Cramer-Rao bound and Ricci flow


Two dimensional Ricci flow is really easy to manage. In this case the equation takes a very simple form and a wealth of results can be extracted. As you know from my preceding posts, I have been able to prove in a rigorous way that in this case the Ricci flow arises from Brownian motion (see here). So, the equation for  Einstein manifolds in this case takes the very simple form, R=\Lambda being \Lambda a constant, that is also the equation for a Ricci soliton. This equation is rather well-knwon to physicists as is the equation of 2d Einstein gravity. This equation is nothing else than Liouville equation

\Delta_2\phi+\Lambda e^{\phi}=0

that admits an exact solution notwithstanding being non-linear. There is an unexpected application of all this machinery of Riemann geometry to the case of statistics. Statistics has a wide body of application fields as radar tracking, digital communications and so on. Then, any new result about can be translated into a wealthy number of applications.

The problem one meets in this case is that of parameter estimation of a given probability distribution. For a sample of measured data the question is to determine the best probability distribution with respect to the spread of the data themselves with a proper choice of the parameters. A known result in this area is the so called Cramer-Rao bound. This inequality gives limit for the optimality of the chosen estimators of the data entering into the distribution. The result I have found is that, for a probability distribution with two parameters, an infinite class of optimal estimators exists that are all efficient. These estimators are given by the solution of Liouville equation! The result can be extended to the n-dimensional case granted the existence of isothermal coordinates that are the conformal ones.

This result arises from the deep link between differential geometry and statistics that was put forward by Calayampudi Radhakrishna Rao. My personal interest in this matter was arisen working in radar tracking but one can think on a large number of other areas. I should say, as a final consideration, that the work of Hamilton and Perelman can have a deep impact in a large body of our knowledge. We are just at the beginning.

Ricci solitons in two dimensions


Today I have read recent changes to DispersiveWiki. This is a beautiful site about differential equations that is maintained at University of Toronto by Jim Colliander and has notable contributors as the Fields medallist Terence Tao. Terry introduced a new page about Liouville’s equation as he got involved with it in a way you can read here. Physicists working on quantum gravity has been aware of this equation since eighties as it is the equation of two-dimensional quantum gravity and comes out quite naturally in string theory. A beautiful paper about quantum field theory of Liouville equation is due to Roman Jackiw and one of his collaborators Eric D’Hoker (see here). But what people could have overlooked is that Liouville’s equation is the equation of the Ricci soliton in two dimensions. The reason is that in this case a set of isothermal coordinates can always be found and the metric is always conformal, that is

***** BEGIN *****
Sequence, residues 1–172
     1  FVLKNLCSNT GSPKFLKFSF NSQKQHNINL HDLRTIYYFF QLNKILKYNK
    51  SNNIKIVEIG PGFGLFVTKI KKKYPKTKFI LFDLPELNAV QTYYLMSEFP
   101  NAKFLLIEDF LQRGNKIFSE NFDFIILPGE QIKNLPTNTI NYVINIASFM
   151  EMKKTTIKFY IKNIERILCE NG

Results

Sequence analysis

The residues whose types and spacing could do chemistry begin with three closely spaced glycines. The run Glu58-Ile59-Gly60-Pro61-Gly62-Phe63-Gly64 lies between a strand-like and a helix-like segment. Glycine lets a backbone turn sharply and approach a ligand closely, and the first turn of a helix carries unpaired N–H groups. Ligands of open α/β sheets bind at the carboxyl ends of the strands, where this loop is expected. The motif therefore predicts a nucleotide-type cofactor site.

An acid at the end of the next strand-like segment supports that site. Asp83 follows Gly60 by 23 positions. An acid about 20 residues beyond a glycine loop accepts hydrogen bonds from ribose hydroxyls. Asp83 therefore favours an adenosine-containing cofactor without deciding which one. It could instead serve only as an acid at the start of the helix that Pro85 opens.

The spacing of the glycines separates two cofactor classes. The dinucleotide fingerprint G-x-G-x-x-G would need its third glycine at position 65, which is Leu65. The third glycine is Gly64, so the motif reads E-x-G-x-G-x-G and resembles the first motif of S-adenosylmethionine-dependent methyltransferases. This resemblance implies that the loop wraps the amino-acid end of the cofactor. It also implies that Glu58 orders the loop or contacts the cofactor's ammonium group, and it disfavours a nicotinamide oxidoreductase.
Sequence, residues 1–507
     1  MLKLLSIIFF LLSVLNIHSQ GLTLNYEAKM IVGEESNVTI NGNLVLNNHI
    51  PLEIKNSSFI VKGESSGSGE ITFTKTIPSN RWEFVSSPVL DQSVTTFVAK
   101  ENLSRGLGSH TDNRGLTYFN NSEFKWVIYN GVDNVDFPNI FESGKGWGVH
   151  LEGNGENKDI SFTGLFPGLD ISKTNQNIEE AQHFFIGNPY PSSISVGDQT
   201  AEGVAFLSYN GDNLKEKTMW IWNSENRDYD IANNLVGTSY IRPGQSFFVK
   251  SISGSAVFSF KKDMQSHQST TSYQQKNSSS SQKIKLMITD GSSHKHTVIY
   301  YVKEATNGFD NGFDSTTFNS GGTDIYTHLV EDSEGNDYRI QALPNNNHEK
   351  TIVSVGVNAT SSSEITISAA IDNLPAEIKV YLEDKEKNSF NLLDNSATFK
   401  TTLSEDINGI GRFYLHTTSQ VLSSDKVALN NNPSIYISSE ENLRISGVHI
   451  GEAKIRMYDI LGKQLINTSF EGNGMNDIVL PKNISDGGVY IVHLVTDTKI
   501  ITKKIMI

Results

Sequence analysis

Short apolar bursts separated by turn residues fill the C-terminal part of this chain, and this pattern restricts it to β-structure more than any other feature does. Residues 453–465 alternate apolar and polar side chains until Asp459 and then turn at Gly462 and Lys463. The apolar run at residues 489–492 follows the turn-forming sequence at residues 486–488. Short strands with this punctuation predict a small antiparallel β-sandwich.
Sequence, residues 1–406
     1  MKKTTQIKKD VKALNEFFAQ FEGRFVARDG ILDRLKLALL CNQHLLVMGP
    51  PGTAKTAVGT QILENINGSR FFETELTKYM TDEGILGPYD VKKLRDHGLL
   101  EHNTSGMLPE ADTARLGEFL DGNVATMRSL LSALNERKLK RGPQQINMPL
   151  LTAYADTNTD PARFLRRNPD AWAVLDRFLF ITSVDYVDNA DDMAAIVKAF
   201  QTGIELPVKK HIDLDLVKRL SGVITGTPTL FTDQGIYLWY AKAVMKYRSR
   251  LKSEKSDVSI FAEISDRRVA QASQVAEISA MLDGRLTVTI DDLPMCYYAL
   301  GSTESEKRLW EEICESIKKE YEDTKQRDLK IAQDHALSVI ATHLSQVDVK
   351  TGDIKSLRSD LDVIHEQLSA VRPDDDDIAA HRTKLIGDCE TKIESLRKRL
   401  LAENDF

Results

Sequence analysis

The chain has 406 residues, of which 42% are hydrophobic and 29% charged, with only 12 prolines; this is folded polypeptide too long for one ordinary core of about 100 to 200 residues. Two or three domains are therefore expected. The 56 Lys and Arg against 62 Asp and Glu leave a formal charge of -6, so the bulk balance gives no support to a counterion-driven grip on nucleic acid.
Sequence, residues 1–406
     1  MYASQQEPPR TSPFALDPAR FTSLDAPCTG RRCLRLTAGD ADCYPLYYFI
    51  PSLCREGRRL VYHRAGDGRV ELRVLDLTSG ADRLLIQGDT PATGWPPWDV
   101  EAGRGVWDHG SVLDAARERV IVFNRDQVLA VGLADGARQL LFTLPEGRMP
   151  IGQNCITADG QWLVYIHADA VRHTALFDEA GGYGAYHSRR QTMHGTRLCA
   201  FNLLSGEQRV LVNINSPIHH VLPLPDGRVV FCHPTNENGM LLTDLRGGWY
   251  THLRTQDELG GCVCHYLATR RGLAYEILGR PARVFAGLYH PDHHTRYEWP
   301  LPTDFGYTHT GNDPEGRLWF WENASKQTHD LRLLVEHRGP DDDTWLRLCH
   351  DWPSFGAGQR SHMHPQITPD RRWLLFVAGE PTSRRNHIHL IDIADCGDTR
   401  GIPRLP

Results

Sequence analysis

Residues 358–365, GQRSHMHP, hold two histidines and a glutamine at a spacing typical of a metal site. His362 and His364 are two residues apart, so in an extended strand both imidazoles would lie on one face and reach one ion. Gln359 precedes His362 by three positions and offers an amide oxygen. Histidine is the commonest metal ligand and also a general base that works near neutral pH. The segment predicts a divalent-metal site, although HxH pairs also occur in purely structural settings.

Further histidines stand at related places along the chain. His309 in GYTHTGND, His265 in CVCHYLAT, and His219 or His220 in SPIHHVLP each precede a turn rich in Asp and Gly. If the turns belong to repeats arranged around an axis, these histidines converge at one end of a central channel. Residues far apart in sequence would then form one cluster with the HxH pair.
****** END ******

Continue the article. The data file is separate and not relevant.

being g_0 the Euclidean metric. The Ricci tensor takes here a quite simple form


being \epsilon_{ik}=diag(1,1) . Then the Ricci flow is

\frac{\partial\phi}{\partial t}=e^{-2\phi}(\partial^2_x+\partial^2_y)\phi

and finally for the Ricci soliton one has

(\partial^2_x+\partial^2_y)\phi = H e^{2\phi}

being H a constant. After a simple rescaling we are left with the Euclidean Liouville’s equation

(\partial^2_x+\partial^2_y)u = \Lambda e^{u}.

Turning back to the Jackiw and D’Hoker paper, we can see that a 2D gravity theory emerges naturally as the equilibrium (Ricci soliton) solution of a Fokker-Planck (Ricci flow) equation. This scenario seems a beautiful starting point to build an understanding of quantum gravity. I am still thinking about a lot and I will put all this on a paper one day.

Ricci solitons


These days I am looking at all this area of mathematical research born with Richard Hamilton and put at maturity with the works of Grisha Perelman. As all of you surely know the conclusion was that the Thurston conjecture, implying Poincare’ conjecture, is a theorem. These results present the shocking aspect of a deep truth waiting for an understanding by physicists and, I think that this comes out unexpectedly, statisticians (do you know Fischer information matrix and Cramer-Rao bound?).

One of the most shocking concept mathematicians introduced working with Ricci flow is a Ricci soliton. I will use some mathematics to explain this. A Ricci flow is given by

\frac{\partial g_{ik}}{\partial t}= -2R_{ik}

a Ricci soliton is a metric solving the equation

R_{ik}-L_X g_{ik} = \Lambda g_{ik}

where I have used an awkward notation for the Lie derivative along a field X but if this field is a scalar than one has a gradient soliton. I think that all of you will recognize these equations that for a Lorentzian metric are just Einstein equations in vacuum with a cosmological constant! Now, I have found a beautiful paper about all this question on arxiv (see here). This paper gives the first meaningful application to physics of this striking concept. Ricci solitons are resembling a kind of behavior of the metric under the flow that can be expanding, collapsing or static depending on the cosmological constant.

As time goes by we learn something deeper about Einstein equations. Their very nature seems rooted in quite recent concepts coming from differential geometry and it is my personal view that whatever quantum gravity theory we will formulate, these are the questions we have to cope with.

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